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Historiography relates to the study of writing history. It "describes historical arguments, theories, and interpretations over time, how schools of thought on particular events change over time". (The Historian's Toolbox, 2012)
How to Create a Historiography
Once you pick a topic, there are 3 main steps to creating a historiography:
Step 1: Evaluate the stances of your chosen authors
Book Reviews: a great way to learn the author's point of view. They also give insight into how reviewers respond to the author's argument.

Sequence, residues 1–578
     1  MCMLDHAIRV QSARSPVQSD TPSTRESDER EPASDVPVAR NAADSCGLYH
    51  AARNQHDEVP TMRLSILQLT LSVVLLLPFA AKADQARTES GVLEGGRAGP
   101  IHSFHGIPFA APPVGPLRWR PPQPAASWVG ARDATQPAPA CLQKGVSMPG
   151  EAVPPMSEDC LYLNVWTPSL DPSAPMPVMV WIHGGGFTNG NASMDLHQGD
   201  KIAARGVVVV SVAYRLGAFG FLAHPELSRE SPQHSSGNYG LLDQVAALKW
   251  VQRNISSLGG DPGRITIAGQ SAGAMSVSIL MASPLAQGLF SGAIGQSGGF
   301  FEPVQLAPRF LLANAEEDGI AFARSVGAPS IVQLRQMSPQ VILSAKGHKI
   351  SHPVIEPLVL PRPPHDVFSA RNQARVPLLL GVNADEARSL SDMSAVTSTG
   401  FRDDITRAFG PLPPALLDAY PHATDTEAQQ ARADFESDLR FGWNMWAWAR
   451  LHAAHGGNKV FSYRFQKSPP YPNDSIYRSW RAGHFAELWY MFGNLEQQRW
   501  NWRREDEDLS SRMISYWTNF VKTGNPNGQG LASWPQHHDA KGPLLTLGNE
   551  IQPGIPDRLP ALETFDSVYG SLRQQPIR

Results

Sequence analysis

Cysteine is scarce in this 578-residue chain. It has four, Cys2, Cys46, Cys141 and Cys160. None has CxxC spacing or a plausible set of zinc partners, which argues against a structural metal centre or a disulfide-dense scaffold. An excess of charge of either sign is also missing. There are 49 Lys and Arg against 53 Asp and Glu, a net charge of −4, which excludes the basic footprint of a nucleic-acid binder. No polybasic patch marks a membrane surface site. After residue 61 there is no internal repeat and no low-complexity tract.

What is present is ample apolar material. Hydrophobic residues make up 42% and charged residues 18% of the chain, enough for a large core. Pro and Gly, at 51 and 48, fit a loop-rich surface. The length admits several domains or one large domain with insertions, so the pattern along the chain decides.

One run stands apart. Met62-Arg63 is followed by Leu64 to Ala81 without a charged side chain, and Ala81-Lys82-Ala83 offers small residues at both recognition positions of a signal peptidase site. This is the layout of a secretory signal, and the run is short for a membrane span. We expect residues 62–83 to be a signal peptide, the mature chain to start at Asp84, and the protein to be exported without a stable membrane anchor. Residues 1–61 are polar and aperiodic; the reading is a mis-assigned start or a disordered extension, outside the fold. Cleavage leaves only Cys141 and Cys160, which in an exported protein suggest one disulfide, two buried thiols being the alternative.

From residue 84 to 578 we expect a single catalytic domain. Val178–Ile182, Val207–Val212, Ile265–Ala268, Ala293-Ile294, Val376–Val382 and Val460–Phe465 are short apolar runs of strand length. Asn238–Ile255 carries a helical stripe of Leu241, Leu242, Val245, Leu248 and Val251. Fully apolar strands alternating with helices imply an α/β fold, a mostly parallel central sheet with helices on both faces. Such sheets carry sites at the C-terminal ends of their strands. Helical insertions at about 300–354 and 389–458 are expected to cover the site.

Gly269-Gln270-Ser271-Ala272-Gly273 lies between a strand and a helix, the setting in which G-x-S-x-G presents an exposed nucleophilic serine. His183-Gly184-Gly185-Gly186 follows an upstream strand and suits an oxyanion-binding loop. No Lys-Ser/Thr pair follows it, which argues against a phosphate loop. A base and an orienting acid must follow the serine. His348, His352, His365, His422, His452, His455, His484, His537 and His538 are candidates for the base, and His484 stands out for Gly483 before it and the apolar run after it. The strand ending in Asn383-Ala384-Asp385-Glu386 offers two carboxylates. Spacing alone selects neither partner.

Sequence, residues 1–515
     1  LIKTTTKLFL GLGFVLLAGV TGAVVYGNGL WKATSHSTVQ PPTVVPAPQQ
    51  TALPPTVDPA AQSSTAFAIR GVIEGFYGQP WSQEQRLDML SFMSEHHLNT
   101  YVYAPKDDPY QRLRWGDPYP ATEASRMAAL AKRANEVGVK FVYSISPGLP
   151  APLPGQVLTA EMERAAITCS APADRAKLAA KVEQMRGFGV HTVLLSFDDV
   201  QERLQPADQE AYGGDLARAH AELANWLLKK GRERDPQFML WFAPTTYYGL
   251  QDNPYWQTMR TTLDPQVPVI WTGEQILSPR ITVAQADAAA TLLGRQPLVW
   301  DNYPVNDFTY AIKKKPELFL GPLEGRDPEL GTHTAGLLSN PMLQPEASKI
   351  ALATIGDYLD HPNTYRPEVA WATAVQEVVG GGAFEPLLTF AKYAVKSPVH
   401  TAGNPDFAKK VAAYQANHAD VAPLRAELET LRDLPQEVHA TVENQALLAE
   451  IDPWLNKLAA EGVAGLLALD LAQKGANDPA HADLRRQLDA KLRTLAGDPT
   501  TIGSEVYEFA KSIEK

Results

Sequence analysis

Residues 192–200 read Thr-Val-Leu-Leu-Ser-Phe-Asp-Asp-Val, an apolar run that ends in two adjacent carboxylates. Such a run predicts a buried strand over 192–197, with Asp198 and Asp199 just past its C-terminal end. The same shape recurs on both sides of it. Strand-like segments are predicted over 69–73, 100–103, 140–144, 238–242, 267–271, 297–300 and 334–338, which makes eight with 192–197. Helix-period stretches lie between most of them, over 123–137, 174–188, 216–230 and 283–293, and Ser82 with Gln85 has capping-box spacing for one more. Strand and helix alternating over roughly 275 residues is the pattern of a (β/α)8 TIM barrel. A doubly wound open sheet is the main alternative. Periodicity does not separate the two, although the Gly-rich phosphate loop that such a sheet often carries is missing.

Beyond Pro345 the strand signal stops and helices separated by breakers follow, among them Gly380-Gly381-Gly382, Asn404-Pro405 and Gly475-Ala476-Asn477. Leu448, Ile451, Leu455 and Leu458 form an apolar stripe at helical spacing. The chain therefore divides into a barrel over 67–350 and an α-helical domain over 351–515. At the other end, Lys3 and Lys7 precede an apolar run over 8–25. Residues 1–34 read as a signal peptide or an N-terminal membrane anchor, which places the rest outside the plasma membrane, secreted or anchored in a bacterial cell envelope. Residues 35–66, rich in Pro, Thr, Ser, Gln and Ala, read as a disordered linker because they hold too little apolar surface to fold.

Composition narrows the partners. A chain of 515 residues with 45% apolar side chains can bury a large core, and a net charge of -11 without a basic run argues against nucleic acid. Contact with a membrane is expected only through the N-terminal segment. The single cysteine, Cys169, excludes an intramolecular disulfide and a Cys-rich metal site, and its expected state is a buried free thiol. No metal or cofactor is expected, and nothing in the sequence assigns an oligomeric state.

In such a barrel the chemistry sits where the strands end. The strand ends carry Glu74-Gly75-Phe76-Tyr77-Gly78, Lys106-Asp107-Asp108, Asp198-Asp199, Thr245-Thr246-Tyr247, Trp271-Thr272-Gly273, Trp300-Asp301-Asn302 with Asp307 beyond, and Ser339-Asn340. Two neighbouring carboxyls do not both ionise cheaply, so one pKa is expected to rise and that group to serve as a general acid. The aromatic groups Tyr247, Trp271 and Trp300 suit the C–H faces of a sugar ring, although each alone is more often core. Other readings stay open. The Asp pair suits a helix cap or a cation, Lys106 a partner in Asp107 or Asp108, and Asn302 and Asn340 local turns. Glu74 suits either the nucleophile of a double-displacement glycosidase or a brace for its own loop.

Books: notice how the book is structured. How does the author build his/her argument? What is the most important part?
Edited Books: notice the general theme of the book. What is the editor's argument? It's usually demonstrated by the combined scope of the articles.
Articles: determine the importance of the article to its field. To do this, learn how frequently the article is cited by authors writing about the same topic (use the "Cited by" link in Google Scholar: http://scholar.google.com).
Step 2: Develop an annotated bibliography
Keep track of your sources with Zotero (http://research.library.gsu.edu/zotero) or Easy Bib (http://guides.norwich.edu/go.php?c=2154683).
Step 3: Write your historiography (3 options)
Write in chronological order, tracing changes in the field over time.
Discuss major schools of thought that surround your topic.
Address the work of historians as they relate to your own analysis.